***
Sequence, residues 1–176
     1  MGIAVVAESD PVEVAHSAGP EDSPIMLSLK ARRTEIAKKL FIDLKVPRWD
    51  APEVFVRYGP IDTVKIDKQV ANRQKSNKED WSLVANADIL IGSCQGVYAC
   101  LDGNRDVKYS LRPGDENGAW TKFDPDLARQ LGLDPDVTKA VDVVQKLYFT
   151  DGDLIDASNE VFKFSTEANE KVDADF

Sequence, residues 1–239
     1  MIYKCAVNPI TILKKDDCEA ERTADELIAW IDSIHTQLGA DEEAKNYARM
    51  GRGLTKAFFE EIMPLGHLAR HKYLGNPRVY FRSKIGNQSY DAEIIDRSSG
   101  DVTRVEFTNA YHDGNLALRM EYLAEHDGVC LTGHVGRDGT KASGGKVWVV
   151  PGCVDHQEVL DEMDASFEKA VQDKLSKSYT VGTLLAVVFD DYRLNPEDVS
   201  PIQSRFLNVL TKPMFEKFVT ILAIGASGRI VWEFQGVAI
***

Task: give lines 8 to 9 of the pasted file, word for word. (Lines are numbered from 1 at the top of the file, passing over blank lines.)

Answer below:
    51  GRGLTKAFFE EIMPLGHLAR HKYLGNPRVY FRSKIGNQSY DAEIIDRSSG
   101  DVTRVEFTNA YHDGNLALRM EYLAEHDGVC LTGHVGRDGT KASGGKVWVV